Low Dose Naltrexone and chronic pain
Opioids have been used as universal pain killers for centuries. However, everyone knows about the effect of drug addiction and other unpleasant aftermaths of their use. That is why the ability of naltrexone to suppress the chronic pain of a certain etiology is very important. The list of syndromes when naltrexone is effective includes CRPS (complex regional pain syndrome), reflex sympathetic dystrophy, diabetic peripheral neuropathy, and some immune-based kinds of pain. A 30 to 60% reduction of pain symptoms was registered in the research in treating FB (fibromyalgia) with LDN (low dose naltrexone). So, what is the mechanism behind the influence of naltrexone on the nerve pain?
The central nervous system (CNS) is composed of nerves and so called glial cells (or just glia). The latter account for about eighty percent of CNS, and only the rest twenty percent are nerves. The glia cells are responsible for the immune protective forces of the body. Normally, under healthy conditions, glial cells are passive. They get active only in response to infection or injury. So, what always happens when the brain and/or spinal cord (e.g. CNS) are inflamed is activation of glial cells.
Active glia cells trigger the secretion of a number of substances, such as interferon and interleukin, which are generally known as pro-inflammatory and neurotoxic factors. Some fatty acid metabolites and free radicals also play the role of factors. Some of these factors, when generated in the spinal cord, alleviate the painful state of inflammation.
What is important, opioids also shift the glia cells into an active state. There are medicines capable to block the effect of opioids, and naltrexone is one of them. Using naltrexone in low dose (LDN) can therefore inhibit the activation of glia.
Cells communicate with each other using special chemicals called neurotransmitters. The most common neurotransmitter in CNS is glutamate. It activates a special receptor called NMDA (N-methyl D-aspartate) and thus opens up the way for the entry of calcium into the cell. The nerve fires this way.
Summarizing, the activated glia cells release special chemicals and neurotransmitters which, through NMDA receptors, cause the nerves to fire. LDN inhibits the activation of glial cells, decreases the release of glutamate neurotransmitter and thus blocks the activation of NDMA receptors and the firing of nerves.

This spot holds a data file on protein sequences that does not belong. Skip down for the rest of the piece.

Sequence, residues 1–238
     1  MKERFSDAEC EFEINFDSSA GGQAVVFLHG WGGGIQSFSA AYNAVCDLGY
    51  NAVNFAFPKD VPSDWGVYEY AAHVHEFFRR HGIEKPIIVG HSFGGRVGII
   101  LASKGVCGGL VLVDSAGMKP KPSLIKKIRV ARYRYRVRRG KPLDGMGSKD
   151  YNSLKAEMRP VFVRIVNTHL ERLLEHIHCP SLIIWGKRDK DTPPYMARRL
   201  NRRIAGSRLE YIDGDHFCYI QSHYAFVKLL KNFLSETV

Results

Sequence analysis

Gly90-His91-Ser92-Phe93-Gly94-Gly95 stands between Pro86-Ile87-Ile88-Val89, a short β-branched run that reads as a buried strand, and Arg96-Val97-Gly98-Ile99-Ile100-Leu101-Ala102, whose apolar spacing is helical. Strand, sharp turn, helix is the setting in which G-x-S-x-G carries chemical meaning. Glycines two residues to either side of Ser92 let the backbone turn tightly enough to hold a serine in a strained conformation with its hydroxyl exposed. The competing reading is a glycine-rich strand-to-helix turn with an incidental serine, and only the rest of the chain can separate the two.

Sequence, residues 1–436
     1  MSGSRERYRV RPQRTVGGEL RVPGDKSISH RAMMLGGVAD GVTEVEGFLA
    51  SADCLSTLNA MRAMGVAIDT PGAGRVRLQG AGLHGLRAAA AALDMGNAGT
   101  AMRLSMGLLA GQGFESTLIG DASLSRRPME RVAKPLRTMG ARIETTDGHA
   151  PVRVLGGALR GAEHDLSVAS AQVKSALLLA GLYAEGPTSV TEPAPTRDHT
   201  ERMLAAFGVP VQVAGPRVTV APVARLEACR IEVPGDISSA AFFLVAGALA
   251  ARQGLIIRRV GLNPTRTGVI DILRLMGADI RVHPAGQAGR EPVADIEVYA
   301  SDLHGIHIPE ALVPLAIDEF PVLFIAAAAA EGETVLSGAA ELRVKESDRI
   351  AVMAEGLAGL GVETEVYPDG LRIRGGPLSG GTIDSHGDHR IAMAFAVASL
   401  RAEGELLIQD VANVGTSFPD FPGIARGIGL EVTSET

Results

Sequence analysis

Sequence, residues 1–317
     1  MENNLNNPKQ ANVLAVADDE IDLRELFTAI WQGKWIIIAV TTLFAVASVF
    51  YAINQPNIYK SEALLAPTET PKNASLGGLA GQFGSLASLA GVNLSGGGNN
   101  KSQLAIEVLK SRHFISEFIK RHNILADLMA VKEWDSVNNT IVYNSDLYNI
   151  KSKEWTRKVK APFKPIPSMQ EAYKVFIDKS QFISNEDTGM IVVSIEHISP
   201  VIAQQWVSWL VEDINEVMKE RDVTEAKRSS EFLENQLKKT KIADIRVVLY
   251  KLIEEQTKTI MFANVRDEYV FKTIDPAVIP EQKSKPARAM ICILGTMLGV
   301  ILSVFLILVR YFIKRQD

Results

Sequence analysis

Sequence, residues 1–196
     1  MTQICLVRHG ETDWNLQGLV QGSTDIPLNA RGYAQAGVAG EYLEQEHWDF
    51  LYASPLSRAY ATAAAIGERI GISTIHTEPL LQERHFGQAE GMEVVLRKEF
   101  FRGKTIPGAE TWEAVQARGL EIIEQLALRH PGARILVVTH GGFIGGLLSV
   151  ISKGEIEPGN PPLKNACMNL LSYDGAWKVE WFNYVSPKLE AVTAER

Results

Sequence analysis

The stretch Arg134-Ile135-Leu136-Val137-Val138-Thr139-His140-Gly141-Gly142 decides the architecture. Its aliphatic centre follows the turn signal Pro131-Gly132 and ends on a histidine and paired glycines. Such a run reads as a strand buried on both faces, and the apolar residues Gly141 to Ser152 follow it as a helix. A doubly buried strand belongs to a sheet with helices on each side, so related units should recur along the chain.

How Naltrexone Operates
The problem is that most medical practitioners are not familiar with naltrexone. Most likely, you will have to get your physician acquainted with this medication. This article can be useful to this end.
Naltrexone in low dose needs time to take effect. According to reports, an essential difference can be noticed after nine to twelve months. In that period, such symptoms as pain, poor functioning, and tolerance to pain gradually improve. The progression of disease slows down. LDN promotes the production of endorphins (morphine-like substances) which also results in a better mood and lower depression. Such factors essentially increase the healing effect.
Naltrexone is a well-tested drug; in particular, there have been a number of studies on LDN administered at the level of 50 to 100 mg. It has proven to be quite safe at such dosage; at larger dose like 100 to 300 mg it may affect the liver. Patients with liver or kidney problems should be monitored by their physicians while using naltrexone.
Naltrexone is quickly excreted from the body; this means that when opioid use is required for reducing pain, there must be no withdrawal syndrome symptoms. Consult your doctor as to the period of time after which your body is clear from naltrexone, and using opiate-based medications is safe. The required time may vary depending on dosage and body weight.
Naltrexone can be taken along with other drugs provided that they contain no opiates. LDN blocks the opioid receptors, which means that such pain killers as fentanyl, demerol, pethidine, tramadol, morphine, oxycodone and hydrocodone will have no effect and, furthermore, can lead to withdrawal problems. Taking naltrexone must be stopped in good time if your doctor plans to prescribe you opiate-based medications.
Possible Side Effects
Side effects (sleep disturbance, insomnia, vivid dreams) are not likely to occur on one condition: taking LDN should be started from the lowest possible dose and increased very slowly. If side-effects nevertheless take place, the dose should be reduced. LDN is recommended to take in the morning to avoid sleep disturbances.
The recommended dose is between 1.5 and 4.5 mg taken either before going to bed or in the morning in case of insomnia.